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Nationals’ Bryce Harper day-to-day after injuring thumb; Nats and Pirates’ benches clear...

Bryce Harper is day-to-day after injuring his thumb on a controversial play at third in the Nationals’ win over the Pirates on Sunday.

MLB: Washington Nationals at Pittsburgh Pirates Charles LeClaire-USA TODAY Sports

Clint Hurdle didn’t think Jung Ho Kang did anything wrong. Kang put down a fake tag at third on a wide throw in from right on a Bryce Harper triple in the top of the third inning of Sunday’s series finale in Pittsburgh’s PNC Park.

Harper bought the fake and made a late, awkward slide into third, on which he injured his left thumb.

Through an interpreter, Kang told reporters, including Pittsburgh Tribune writer Rob Biertempfel, that he had no ill intentions:

“I meant no harm. During a relay play, I [tried] to hold the runner on third base. That's all I tried to do.”

His manager supported that thinking, explaining that the Nationals’ 23-year-old outfielder and Washington’s third base coach bore some responsibility.

“It's not the first fake tag ever made in the game,” Hurtle said.

“And the third base coach also has a responsibility to help the runner. So, somebody thought there was a play at third or the runner took it upon himself to slide.”

Dusty Baker did not think there was a play at third that warranted the feint.

“I thought it was wrong,” Baker said.

“They didn’t think that he did anything wrong. That’s how arguments usually get started.”

He didn’t appreciate the fact that he heard some chirping from the Pirates’ dugout when he went out to check on Harper at third. Baker barked back at the Bucs as he returned to the first base side of the field. That was too much.

“I don’t have a bad temper,” Baker said. “I just have a short temper and what kind of irked me is when a couple of guys over there, whoever it was, they were talking stuff when I was walking back. As a person with a short temper, I don’t start nothing, but you don’t take nothing.”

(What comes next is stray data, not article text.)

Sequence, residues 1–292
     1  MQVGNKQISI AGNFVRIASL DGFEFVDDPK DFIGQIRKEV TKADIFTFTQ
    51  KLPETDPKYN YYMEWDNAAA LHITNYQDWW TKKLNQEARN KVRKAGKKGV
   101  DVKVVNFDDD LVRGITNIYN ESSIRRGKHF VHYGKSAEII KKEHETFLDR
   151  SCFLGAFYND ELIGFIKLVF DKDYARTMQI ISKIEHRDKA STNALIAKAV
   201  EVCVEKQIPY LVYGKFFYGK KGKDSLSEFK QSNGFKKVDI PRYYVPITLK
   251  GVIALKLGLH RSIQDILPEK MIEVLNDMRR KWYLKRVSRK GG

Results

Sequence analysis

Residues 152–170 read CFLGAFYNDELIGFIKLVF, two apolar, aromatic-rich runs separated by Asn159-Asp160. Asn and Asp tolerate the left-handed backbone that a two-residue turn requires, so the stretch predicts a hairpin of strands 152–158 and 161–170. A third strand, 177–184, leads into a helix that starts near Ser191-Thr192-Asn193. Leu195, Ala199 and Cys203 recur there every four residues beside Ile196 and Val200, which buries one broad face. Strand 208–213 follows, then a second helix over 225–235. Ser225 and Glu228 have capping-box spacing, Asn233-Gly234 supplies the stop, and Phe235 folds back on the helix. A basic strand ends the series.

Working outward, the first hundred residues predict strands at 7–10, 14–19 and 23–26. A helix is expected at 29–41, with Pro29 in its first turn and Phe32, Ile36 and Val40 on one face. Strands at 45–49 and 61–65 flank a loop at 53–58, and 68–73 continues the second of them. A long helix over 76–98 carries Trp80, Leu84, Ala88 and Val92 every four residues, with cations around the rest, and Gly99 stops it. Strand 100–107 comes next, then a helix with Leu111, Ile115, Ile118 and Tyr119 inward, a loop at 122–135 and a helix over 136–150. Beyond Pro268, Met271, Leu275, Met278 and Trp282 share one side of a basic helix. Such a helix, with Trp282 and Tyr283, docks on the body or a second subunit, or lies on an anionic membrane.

A half-inning later, when Kang stepped to the plate with two out and the bases empty, A.J. Cole fired a fastball behind his back, and a little too high in some Pirates’ opinions.

Cole was ejected immediately. Both dugouts and bullpens eventually spilled onto the field. Tempers flared. Sean Rodriguez went after someone (Oliver Perez?). He too was ejected by home plate umpire Jordan Baker.

Rodriguez said throwing at a player is not a problem, but throwing at or near their head is something else.

Harper was not a fan of the deke, telling reporters it wasn’t good for the game. Cole said the scouting report on Kang said to pitch him up and in and ... his control hasn’t quite been there in recent weeks.

He did walk the first three batters he faced in the series finale, but the last pitch he threw had a purpose whether or not he copped to it.

Baker said when it came to the play that started the tension, it was really simple.

“Either there’s a play or isn’t,” he said. “Most of the time when you deke a guy, he doesn’t know where the ball is and there’s going to be a throw to you.

“That throw damn near hit the tarp over there.”

Harper left the game before the Nats took the field for the bottom of the third.

He said afterwards that though he initially feared another ligament injury in his thumb, it was more like he jammed it. Harper tore the ulnar collateral ligament in his thumb in April of 2014.

“His hand is sore, but it’s in a different spot than when he hurt his hand before,” Baker confirmed.

“And so it’s just sore. Who knows how long it could be. We’ve got to take care of it. It’s day-to-day.”

“He’ll probably go for X-rays tomorrow,” Baker added. “I mean, right now, like I said, it’s day-to-day, so we don’t want to guess about what happened or the severity of it.”

Harper was 1 for 2 with a run scored and an RBI groundout before he left what ended up a 10-7 win for the Nationals.

• We talked about the play at third, the Nationals’ win and more on Nats Nightly after the game: